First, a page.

The Matchlock Gun
|Author||Walter D. Edmonds|
|Genre||Children's, Historical novel|
|Publisher||Dodd, Mead & Company|
|Media type||Print (Hardback & Paperback)|
The book is set in the year 1756 during the French and Indian War in Guilderland, New York. Ten-year-old Edward Van Alstyne (throughout the book, he is called "Ateoord", which is his name in Dutch) and his mother Gertrude are determined to protect their home and family with an ancient (and much too heavy) Spanish matchlock gun that Edward's great-grandfather had brought from Bergen Op Zoom in the Netherlands while his father Teunis is away from home with the local militia fighting the enemy (using, to Edward's disappointment, a musket instead of the matchlock).
Gertrude, Edward, and his younger sister Trudy go about their everyday chores, but news arrives that the French-Indian forces have been attacking and burning nearby settlements and that Teunis and his militia company have been sent to intercept them. Later that day, while she and the children are out herding the cows, Gertrude spots a column of smoke in the distance and realizes that raiders are getting closer. Rather than take herself and the children over to her mother-in-law's brick house as Teunis had previously suggested, since raiders would be more likely to attack it rather than their house, she devises a plan for a possible Indian attack. Returning home, she loads the matchlock gun, fixes it in position to fire and instructs Edward how and when to fire it. She then goes outside to keep a watch for any approaching raiders.
At the book's climax, Gertrude sees flames in the distance and realizes that her mother-in-law's house has indeed been attacked. Moments later, she spots five Indians approaching in the darkness, bent on burning the house. Barely able to outrun them, she reaches the front porch and manages to shout a pre-arranged warning to Edward, but is wounded in the shoulder by a thrown tomahawk, and the boy fires the gun through the front window, killing three raiders and driving off the remaining two (one of them, apparently wounded, is later killed by the returning militia). As their house burns, Edward and Trudy manage to drag their unconscious mother to safety. Edward goes back into the burning house to save the Spanish gun, and later he, Trudy and their mother are found by their father and the other militiamen.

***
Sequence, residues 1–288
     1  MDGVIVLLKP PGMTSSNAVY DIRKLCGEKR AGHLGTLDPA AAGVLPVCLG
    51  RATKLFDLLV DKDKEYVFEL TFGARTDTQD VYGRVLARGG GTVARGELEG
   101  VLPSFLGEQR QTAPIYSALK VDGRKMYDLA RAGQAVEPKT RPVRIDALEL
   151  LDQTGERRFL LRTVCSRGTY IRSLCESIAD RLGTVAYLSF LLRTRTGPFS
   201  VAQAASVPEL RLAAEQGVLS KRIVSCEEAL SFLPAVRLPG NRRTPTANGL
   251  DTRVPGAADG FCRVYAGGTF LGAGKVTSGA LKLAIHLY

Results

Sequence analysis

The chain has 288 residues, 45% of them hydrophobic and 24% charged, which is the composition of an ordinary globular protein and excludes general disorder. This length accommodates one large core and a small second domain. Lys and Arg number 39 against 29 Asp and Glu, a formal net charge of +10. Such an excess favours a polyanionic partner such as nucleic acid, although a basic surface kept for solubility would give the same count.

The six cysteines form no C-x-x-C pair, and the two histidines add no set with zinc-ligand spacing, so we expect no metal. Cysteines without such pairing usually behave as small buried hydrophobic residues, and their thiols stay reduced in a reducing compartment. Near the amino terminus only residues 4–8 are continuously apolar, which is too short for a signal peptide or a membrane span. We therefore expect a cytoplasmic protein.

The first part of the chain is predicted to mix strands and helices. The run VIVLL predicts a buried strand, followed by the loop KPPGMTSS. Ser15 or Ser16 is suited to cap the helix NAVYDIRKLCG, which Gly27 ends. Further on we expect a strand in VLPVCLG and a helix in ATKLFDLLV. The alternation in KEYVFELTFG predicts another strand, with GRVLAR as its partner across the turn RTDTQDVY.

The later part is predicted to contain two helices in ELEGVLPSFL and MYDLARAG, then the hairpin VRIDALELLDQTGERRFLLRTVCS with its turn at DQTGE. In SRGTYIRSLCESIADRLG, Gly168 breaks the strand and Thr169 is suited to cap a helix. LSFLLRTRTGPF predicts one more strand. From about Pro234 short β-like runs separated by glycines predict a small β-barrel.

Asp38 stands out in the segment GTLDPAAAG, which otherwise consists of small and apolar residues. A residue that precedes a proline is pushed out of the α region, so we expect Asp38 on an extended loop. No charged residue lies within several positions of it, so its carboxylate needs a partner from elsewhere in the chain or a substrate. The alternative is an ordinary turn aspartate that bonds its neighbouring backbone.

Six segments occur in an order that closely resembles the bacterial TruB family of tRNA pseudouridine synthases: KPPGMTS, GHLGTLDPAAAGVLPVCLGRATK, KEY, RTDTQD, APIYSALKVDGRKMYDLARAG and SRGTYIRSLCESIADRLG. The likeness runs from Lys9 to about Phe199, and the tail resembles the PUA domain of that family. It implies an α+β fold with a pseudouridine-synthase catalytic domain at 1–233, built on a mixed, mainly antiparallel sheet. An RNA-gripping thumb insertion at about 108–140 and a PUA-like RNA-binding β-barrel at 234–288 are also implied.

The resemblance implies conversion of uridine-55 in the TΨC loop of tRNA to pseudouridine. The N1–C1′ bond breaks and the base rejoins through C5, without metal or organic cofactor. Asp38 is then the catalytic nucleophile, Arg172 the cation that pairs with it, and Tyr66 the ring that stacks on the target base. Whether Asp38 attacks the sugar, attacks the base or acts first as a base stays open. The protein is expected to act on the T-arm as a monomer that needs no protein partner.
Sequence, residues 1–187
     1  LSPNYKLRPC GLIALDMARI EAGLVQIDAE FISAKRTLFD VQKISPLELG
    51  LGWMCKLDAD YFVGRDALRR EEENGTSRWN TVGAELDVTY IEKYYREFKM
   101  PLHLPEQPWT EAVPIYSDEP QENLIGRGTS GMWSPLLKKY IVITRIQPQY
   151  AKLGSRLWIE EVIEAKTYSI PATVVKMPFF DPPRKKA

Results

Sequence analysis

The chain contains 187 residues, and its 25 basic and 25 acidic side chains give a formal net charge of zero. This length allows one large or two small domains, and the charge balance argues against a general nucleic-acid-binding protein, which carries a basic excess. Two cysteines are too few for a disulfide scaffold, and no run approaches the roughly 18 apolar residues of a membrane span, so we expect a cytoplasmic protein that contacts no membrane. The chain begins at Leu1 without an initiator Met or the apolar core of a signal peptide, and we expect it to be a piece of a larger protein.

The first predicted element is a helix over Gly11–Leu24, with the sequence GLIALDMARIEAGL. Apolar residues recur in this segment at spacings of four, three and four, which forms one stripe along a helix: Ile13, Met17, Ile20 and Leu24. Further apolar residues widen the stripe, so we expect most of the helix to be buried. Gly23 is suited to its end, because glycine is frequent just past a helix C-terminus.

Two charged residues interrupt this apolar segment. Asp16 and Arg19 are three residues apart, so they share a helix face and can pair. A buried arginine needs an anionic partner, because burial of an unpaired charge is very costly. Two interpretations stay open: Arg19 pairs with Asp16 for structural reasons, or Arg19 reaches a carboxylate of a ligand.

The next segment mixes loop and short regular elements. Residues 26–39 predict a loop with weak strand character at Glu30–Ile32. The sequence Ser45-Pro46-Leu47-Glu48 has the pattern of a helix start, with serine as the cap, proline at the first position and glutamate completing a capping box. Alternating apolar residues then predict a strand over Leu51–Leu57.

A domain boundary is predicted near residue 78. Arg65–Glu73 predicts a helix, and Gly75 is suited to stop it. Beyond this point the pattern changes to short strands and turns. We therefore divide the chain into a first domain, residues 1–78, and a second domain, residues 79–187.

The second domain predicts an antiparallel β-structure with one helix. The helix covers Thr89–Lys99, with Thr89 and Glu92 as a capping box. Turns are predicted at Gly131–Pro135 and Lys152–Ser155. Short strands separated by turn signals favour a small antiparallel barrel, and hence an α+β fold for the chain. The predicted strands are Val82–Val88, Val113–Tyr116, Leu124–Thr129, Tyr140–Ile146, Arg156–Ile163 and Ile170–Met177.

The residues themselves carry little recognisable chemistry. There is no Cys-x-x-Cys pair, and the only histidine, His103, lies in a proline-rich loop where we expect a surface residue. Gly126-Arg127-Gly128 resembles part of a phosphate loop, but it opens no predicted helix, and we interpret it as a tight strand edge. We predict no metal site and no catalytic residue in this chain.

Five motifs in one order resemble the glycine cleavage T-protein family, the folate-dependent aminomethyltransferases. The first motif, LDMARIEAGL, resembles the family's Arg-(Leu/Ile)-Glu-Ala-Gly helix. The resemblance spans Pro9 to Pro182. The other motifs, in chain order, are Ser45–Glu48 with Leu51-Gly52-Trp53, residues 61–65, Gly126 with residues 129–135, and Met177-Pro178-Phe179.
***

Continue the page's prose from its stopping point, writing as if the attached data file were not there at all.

The book's foreword states that this is a true story handed down from Trudy's descendants (Trudy became widely known as an expert spinner, having been taught by her mother who, because of her crippled shoulder, could no longer perform the task).
Call It Courage
|Newbery Medal recipient
Adam of the Road
|This article about a children's historical novel of the 1940s is a stub. You can help Wikipedia by expanding it.|